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Panminerva Medica 2010 June;52(2):149-65

language: English

Stem cells and hepatic cirrhosis

Chen Z. 1, Qi L.-Z. 2, Zeng R. 3, Li H.-Y. 4, Dai L.-J. 4

1 Laboratory of Infection and Immunology, Affiliated Hospital of Luzhou Medical College, Luzhou, Sichuan, China
2 First Hospital of Qingdao Techno-economy, Development Zone, Qingdao, China;
3 Department of Gastroenterology, The First Affiliated, Hospital of Sun Yat-Sen University, Guangzhou, China;
4 Department of Surgery, University of British Columbia, Vancouver, Canada


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Hepatic cirrhosis is defined as the histological development of regenerative nodules surrounded by fibrous bands in response to chronic liver injury, which leads to portal hypertension and end-stage liver disease. The majority of patients with hepatic cirrhosis die from life-threatening complications at early age. Liver transplantation has been the most effective treatment for patients with hepatic cirrhosis. Since liver transplantation is critically limited by the shortage of available donor livers, searching for an effective alternative therapy has attracted great interest in preclinical studies. The encouraging advances in stem cell research have paved the way towards the treatment of the end-stage of chronic liver disease. In view of the pathogenic fundamentals of hepatic cirrhosis, stem cell-based treatment should be aimed to complement or replace damaged liver cells and to correct the imbalanced extracellular matrix regeneration/degradation. This review is intended to describe the characteristics and therapeutic potential of various liver repair-related stem cells, including hepatocytes, liver progenitor cells, hematopoietic stem cells, mesenchymal stem cells, embryonic stem cells and induced pluripotent stem cells. Since autologous adult stem cells have the least number of obstacles for clinical application, their potential interventions on cirrhosis are especially illustrated in terms of the cellular and molecular mechanisms of hepatic fibrogenesis.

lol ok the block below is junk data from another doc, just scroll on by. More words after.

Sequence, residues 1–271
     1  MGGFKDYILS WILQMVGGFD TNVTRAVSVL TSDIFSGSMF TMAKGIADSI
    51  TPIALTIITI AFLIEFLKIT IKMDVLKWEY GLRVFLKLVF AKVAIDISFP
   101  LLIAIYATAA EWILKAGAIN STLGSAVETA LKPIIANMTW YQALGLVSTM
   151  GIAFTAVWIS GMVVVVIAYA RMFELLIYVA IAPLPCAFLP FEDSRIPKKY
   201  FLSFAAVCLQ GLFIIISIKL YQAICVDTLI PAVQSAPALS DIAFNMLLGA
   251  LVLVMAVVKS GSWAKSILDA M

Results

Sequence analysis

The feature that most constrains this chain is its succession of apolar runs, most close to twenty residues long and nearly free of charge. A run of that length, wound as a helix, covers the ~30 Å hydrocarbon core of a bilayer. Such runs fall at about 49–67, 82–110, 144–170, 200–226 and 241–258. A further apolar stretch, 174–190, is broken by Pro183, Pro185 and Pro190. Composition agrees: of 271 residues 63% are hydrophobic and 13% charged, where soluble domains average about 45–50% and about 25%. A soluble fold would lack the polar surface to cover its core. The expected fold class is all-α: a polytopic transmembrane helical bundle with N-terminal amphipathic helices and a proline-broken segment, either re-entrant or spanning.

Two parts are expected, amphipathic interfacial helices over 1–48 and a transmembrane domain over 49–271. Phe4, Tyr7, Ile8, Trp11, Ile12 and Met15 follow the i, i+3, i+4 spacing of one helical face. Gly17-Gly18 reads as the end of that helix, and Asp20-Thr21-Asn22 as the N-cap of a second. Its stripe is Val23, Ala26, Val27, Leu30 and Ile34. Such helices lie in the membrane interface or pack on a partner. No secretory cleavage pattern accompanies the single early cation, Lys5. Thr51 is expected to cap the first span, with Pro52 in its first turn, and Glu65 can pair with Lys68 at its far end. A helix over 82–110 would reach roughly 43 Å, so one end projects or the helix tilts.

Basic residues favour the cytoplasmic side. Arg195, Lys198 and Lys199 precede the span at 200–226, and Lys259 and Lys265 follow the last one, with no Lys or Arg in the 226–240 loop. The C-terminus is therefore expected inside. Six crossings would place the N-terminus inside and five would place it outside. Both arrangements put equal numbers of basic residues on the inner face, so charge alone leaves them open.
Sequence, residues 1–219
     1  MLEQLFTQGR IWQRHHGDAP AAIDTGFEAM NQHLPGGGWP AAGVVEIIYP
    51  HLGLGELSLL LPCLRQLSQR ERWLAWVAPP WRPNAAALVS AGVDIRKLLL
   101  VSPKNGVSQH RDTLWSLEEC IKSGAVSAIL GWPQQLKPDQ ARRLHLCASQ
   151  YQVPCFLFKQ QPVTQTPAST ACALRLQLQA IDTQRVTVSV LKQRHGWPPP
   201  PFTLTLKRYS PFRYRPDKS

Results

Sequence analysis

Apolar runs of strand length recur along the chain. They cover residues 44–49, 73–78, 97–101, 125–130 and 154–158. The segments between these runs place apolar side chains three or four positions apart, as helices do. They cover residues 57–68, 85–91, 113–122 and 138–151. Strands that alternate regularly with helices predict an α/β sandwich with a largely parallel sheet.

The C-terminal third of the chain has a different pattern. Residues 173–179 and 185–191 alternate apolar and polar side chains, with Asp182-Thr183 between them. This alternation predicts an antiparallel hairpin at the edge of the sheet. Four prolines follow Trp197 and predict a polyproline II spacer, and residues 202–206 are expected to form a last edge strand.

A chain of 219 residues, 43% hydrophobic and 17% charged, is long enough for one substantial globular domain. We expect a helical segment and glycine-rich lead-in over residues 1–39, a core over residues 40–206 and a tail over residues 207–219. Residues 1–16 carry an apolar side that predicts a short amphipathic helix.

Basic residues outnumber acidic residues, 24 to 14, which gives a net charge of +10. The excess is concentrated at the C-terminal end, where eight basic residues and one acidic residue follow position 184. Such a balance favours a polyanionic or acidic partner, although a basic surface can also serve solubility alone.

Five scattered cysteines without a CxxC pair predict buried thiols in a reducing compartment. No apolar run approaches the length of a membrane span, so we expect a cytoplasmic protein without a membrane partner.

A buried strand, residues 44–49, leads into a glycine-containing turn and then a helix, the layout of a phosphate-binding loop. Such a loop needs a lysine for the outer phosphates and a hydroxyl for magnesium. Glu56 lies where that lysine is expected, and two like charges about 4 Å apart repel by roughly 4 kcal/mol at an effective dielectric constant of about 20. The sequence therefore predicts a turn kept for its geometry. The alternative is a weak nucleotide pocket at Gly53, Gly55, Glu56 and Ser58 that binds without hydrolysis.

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ljdai@interchange.ubc.ca